If you’ve implemented processes to increase productivity and efficiency, good for you. But if your construction business team is ignoring the amount of waste you’re generating as well as the amount of energy you lose to reworks and runarounds, you’re only tackling part of the problem.

BIM (building information modeling) is a process utilizing technology to digitally generate and manage construction business projects. This streamlines production in theory but sometimes fails in reality.

Ordering more materials “just in case” is a prime example of wasteful working practices we need to manage. Most companies don’t even realize how much waste they were generating until they get the technology to measure it.

Here are 3 examples of companies that used technology to reduce waste:

  1. A project timeline was shortened from 120 to 42 days at a cost savings of $500,000 by using a materials management system and modern technology vs. manual methodology.
  2. An excavation operations construction business worked 41% faster with 75% increased accuracy when machine-control technology was introduced.
  3. Working from 2D drawings, one company averaged 10%-15% waste in rebar fabrication. Using constructible models, 99% of the rebar was fabricated correctly.

Construction Monitor Generates Profits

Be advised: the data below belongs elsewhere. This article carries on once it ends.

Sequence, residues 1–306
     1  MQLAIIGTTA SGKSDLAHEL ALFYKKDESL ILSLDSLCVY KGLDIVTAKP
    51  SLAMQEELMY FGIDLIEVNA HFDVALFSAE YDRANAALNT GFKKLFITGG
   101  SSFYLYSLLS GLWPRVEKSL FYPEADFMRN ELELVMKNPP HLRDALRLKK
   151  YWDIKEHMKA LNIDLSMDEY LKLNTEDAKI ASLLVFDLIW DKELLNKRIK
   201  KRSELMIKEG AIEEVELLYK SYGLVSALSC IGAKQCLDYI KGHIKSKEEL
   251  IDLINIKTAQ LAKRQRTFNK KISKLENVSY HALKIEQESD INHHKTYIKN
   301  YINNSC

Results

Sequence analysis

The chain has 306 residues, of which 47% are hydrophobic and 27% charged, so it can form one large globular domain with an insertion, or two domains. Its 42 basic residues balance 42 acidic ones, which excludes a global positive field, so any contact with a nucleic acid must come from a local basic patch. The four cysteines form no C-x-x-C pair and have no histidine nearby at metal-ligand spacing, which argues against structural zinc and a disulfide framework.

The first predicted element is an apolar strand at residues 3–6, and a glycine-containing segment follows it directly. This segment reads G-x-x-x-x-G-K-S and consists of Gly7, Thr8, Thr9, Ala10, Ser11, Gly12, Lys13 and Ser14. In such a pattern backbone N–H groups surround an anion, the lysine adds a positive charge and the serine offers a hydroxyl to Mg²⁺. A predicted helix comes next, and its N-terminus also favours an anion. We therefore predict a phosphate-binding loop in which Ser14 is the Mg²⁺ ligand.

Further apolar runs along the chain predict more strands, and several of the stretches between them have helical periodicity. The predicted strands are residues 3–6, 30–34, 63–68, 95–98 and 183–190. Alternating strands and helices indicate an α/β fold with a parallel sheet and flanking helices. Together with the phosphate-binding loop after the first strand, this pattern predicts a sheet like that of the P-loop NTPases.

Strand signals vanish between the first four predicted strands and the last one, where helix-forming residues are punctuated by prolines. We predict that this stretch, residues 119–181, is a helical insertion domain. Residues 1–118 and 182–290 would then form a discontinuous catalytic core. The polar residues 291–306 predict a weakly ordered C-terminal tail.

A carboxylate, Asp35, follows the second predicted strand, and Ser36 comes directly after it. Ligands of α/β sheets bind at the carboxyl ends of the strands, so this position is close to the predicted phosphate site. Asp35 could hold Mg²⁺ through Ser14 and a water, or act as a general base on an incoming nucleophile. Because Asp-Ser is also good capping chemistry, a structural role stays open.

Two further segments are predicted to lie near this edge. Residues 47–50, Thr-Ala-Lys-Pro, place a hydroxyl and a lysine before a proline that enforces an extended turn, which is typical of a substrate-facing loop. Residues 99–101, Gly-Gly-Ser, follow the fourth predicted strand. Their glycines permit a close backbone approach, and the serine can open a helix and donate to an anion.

Construction Monitor is the construction business resource for accurate, timely, and geographically complete building and solar permit information in the United States. Our construction leads help building professionals, general contractors, subcontractors, and suppliers reach new customers

 Contact us today.

What is Lean Construction?

lean construction

Working “lean” is a business principle for reducing waste and increasing profits. It can apply to any industry.

Lean construction has been slow to develop, according to the Lean Construction Institute (LCI). But construction technology developments are making this practice easier to implement and therefore more attractive to construction business owners and managers.

How Does Lean Construction Work?

Lean construction shares the same 5 business principles as lean manufacturing:

  1. Identify value
  2. Map the value stream
  3. Create better flow and fewer bottlenecks
  4. Establish a pull-planning system
  5. Seek perfection and continuously adjust principles 1-4.

The most basic residential renovation has thousands of documents and pieces of information. Today, it’s impossible to manage without technology.

Value stream mapping approaches the job from the customer’s point of view and explains the value possibilities and how you’re maximizing them. “Necessary materials, labor, and other supplies are identified before each stage of work,” says PlanGrid “…rather than during the fray or only after bottlenecks create delays.”

Lean construction principles reduce waste:

  • Defects/reworks due to lack of skilled/trained labor, outdated information, etc.
  • Excessive inventory ordered “just in case”
  • Extra materials processing (dimensional lumber cutting, assembly of trusses never used anyway)